Their meetings feel slightly magical and cozy. A car full of board members empty out of one vehicle carpool from Quincy to meet at the house of Indian Valley board member Amy Hafsrud.
It’s a perfect summer night despite the fires, though it means sitting inside the 100-plus-year-old farmhouse instead of outdoors. The attendees shared a potluck of fresh fruits and veggies, snacks, wine and water.
The board members then break bread together and open the meeting after dinner has been underway awhile. Someone throws out a question — what’s your favorite summer flower? They go around the room clockwise with responses. Shooting stars. Lillies. Hollyhocks. Columbines. Each with a story or a remembrance of why that particular flower resonated with them.
It’s not a throw away question, but a bonding one as they get down to the business at hand—as the tag line for Bread for the Journey states — “nurturing the seed of generosity in every human heart.”
They are in the business to make a positive difference in the community by giving away money to individuals and groups trying, in their own way, to make a difference. The discussion of even the flowers feels like abundance and gratitude.
“The community knows what it needs,” said board member Michelle Fulton.
“We have money to give away and we need people to know we are here to do this. People have been so generous,” said board president and mastermind Katie Bagby. She said she and her husband went away for an anniversary vacation and they returned to donations for Bread for the Journey — the nonprofit organization Bagby has run for the last eight years in Plumas County. “We try to make it easy for people to make a difference,” Bagby noted.
Bread for the Journey was a national organization that started over a kitchen table in Santa Fe, New Mexico, 30-plus years ago. That first meeting inspired over 20 chapters around the country, with each chapter of the organization raising money locally to fund projects in its community. In 2010, Bread for the Journey Feather River formed in Plumas County. As each of the local chapters became stronger and focused locally, the national organization disbanded.
The Feather River local received its 501(c)3 tax-exempt status last year.
The premise is to keep things simple. Many times small groups and individuals have great ideas, but no capital and are too small as of yet to be nonprofit organizations. That’s where Bread for the Journey can help. The granting process is simple: a couple of pages of your idea and budget and an oral presentation to the board members. Sometimes they take the checkbook out right then and there with board consensus.
Tonight it’s Shelley Morrison’s turn on the hot seat. She wants to bring a puppeteer show to Plumas County that’s been acknowledged as a great way to teach children not to bully other children. She lays out the cost of transportation, renting the Town Hall Theatre and corralling elementary age children and their administrations into this idea. The board members ask questions and lay out their positions. They don’t want to be in the business of picking up for either the charter or the school district in not including arts in their programs. They want to be a partner in the great idea — they want the schools to step up to the plate, too. But the ball is rolling in Morrison’s favor and a plan is hatched with a new budget where they can partner with both schools to bring quality arts programming to elementary students in Plumas County.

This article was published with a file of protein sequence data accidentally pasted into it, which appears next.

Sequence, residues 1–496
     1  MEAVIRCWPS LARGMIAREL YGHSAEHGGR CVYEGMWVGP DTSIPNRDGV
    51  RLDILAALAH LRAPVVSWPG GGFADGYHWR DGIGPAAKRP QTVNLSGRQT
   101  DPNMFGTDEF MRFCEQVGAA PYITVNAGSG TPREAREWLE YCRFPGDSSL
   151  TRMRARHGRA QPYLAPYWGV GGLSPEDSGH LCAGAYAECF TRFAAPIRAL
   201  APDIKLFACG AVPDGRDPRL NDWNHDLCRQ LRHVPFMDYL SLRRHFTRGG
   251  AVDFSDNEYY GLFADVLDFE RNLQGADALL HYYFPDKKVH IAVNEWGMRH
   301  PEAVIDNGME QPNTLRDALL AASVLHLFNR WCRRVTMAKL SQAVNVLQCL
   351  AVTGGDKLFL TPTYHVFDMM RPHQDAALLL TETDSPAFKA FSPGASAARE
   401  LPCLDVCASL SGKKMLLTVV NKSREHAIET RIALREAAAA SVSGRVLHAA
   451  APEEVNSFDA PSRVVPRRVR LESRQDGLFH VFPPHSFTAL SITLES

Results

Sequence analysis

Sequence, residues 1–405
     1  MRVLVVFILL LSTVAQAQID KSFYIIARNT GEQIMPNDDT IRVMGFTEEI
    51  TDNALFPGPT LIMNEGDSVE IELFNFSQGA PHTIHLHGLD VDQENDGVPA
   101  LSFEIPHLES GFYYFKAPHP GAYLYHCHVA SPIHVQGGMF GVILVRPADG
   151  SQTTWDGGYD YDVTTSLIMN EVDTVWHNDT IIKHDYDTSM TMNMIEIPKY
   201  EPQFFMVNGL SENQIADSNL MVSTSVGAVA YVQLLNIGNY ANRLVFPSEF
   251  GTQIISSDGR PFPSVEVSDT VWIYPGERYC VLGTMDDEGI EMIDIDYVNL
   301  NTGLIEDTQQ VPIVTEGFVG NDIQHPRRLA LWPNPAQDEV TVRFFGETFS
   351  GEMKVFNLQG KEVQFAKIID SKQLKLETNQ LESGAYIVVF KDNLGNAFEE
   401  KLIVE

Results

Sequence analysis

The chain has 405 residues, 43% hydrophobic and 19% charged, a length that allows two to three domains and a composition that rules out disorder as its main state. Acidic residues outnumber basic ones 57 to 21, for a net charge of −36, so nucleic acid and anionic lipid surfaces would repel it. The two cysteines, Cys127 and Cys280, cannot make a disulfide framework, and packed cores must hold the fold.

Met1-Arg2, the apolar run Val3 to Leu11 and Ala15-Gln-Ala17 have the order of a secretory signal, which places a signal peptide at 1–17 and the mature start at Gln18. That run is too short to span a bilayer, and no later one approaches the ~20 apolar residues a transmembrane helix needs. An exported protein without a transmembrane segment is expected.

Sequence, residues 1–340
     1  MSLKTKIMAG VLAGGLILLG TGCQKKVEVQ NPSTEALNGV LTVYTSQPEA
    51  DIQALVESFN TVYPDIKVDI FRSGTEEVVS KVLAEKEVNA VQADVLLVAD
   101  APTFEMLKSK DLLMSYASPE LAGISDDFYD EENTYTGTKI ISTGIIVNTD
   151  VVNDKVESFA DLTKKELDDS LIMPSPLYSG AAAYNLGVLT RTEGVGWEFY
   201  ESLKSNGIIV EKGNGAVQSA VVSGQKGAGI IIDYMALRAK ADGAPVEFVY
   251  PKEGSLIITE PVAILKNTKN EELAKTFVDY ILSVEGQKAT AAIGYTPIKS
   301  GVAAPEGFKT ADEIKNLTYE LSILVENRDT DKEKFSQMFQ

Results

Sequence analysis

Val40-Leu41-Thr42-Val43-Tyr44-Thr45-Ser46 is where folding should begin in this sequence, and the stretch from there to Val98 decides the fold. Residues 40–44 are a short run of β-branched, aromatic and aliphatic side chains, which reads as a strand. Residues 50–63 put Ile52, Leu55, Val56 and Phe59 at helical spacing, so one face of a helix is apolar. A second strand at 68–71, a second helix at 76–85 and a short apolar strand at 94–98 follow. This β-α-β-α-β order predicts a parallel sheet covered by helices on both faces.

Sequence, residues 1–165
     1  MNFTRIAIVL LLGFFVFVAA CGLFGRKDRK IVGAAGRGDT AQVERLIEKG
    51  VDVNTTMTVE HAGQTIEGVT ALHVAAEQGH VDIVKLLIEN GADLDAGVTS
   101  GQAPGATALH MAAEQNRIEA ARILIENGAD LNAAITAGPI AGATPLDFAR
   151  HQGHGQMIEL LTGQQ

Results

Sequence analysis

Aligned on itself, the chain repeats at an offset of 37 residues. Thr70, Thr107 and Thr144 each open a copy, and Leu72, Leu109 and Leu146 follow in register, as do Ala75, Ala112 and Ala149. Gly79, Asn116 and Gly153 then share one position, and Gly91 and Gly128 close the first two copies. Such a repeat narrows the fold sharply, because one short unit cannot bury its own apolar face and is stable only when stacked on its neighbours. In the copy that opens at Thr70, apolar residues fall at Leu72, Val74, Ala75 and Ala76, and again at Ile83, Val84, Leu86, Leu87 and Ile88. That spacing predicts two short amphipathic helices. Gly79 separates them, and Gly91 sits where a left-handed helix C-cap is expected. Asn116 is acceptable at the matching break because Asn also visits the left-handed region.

The ideas and the people who come before the board are varied. Tristan McMichael at the end of the last school year came up with the idea of something he’d already been doing — creating a lending library of musical instruments for students in Quincy by refurbishing and fixing discarded ones. Bread for the Journey has a $500 check that they’re waiting to give him.
The projects they’ve gone for and funded in the last year are varied and include $500 to the Quincy Farmer’s Market’s matching program to help WIC and seniors obtain fresh food. They’ve financed the salary of the intern at the market this year, too.
Bread for the Journey gave Pachuca Productions $500 in 2017 to help produce “Serious Moonlight” because of its socially conscious premise.
The new nonprofit Quincy Cooperative Preschool was given $600 for supplies such as umbrellas for shade and art easels for painting.
Five hundred went toward Indian Valley Youth Summit’s First Aid/CPR course at GHS for area youth.
IVA’s Uganda bound teens in 2017 received funds toward their service learning projects to keep a preschool open there.
They sponsored flower baskets on Main Street in Quincy.
This summer, they helped an Upward Bound student who’d become homeless get situated so that she could get housed and start college on time.
The treasurer reported $10,888.39 in the coffers. They’re looking for more worthy causes in the community to help fund.
Currently the best way to contact Bread for the Journey is via email at firstname.lastname@example.org or by calling Katie Bagby at 927-8599. They’re hoping to hear from more community members with projects that benefit the community in some way.
“We run our local charity solely on volunteers working from their kitchens and living rooms. We have fun, keep it simple, and there is very little overhead, so what comes in is given right back,” said Bagby in her annual letter. Donations can be sent to BFJ, Feather River, PO Box 3075
Quincy, CA 95971.